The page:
CNN's Dana Bash spars with Kudlow on White House unemployment plan: 'We need a bit of a reality check here'

CNN’s Dana BashDana BashTrump says officials will investigate whether California is using 1619 Project in classrooms Veterans Affairs secretary defends Trump: 'I judge a man by his actions' GOP senator dismisses national intelligence director election security briefings: 'This is blown way out of proportion' MORE sparred with White House economic adviser Larry KudlowLarry KudlowMORE on Sunday over the temporary unemployment plan included in President TrumpDonald John TrumpSteele Dossier sub-source was subject of FBI counterintelligence probe Pelosi slams Trump executive order on pre-existing conditions: It 'isn't worth the paper it's signed on' Trump 'no longer angry' at Romney because of Supreme Court stance MORE's coronavirus executive orders, saying: “We need a bit of a reality check here.”

Bash questioned Kudlow on CNN’s “State of the Union” about the Trump order that commits $400 per week in temporary unemployment benefits, $100 of which the state would picks up.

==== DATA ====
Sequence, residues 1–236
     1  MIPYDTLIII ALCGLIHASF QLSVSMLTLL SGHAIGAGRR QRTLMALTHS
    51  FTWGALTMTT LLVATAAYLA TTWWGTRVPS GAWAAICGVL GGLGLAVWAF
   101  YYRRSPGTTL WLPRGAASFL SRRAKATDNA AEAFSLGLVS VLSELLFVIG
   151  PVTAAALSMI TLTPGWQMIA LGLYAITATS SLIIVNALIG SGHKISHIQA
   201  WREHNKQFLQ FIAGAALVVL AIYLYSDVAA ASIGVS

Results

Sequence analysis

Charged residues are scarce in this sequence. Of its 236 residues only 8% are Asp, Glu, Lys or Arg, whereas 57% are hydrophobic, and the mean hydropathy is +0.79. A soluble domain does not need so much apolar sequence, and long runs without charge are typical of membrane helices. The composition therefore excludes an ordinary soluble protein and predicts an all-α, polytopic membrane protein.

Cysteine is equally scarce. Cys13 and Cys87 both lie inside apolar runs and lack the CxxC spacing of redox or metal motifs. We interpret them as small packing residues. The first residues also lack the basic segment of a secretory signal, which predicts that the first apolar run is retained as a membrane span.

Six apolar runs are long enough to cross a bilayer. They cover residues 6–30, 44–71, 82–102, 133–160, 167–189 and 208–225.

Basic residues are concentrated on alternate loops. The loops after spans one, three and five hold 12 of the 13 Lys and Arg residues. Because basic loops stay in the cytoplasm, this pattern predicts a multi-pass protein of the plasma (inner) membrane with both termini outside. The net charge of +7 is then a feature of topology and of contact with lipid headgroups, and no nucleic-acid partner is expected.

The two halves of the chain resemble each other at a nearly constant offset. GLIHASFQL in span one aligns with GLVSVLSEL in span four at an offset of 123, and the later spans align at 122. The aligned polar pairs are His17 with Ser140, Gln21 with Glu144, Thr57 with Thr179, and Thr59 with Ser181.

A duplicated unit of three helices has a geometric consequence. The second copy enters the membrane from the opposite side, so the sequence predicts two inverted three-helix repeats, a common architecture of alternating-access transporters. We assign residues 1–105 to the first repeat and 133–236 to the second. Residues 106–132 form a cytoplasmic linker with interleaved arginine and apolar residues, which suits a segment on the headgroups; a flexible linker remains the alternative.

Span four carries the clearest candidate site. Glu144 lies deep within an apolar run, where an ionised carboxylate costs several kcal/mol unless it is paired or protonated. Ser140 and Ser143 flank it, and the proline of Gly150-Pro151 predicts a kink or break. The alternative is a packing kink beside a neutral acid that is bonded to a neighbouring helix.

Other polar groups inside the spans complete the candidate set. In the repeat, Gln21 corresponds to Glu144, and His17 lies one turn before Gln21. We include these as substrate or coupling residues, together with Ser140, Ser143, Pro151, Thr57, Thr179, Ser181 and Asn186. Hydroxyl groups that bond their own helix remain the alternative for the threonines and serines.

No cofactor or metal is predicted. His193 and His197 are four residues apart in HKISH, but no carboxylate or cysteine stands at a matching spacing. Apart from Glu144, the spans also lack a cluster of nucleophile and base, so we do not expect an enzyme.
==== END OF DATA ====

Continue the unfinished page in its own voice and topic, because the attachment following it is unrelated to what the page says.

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Kudlow predicted that individuals, on average, will receive $800 from federal and state enhanced unemployment benefits each week. 

“But the executive action says 400 dollars and the state would pay 25 percent of this,” Bash replied. “You’re talking about some other money that I don’t know about.”

“We will stand ready to repurpose if states put in a little bit more,” the economic adviser replied.


Bash continued by saying: “We need a bit of a reality check here. You do agree that the only way any of this could possibly happen is if the states actually ask for it and create a whole new system?”

The CNN host also pushed Kudlow on how the administration knows states have the money to provide $100 per week to each unemployed person.

“I think they’ll be able to make room,” he said. “Our estimates from the Treasury Department in terms of the CARES Act … is that the states have not spent all the money that was allocated to them.”

“Based on our estimates, the states will be able to provide the extra $100 and that will gross up the whole benefit to something on average of about $800,” he added.

Kudlow also said the White House will “probably find out today and tomorrow” which states and territories will be able to afford the payment.

“At the moment, we know the money – probably a good $80 [billion] to $100 billion – was not spent so we think that’s distributed across the 50 states should be ample,” he added. “We’ll find out the exact specifics today and tomorrow.”

--This report was updated at 11:12 a.m.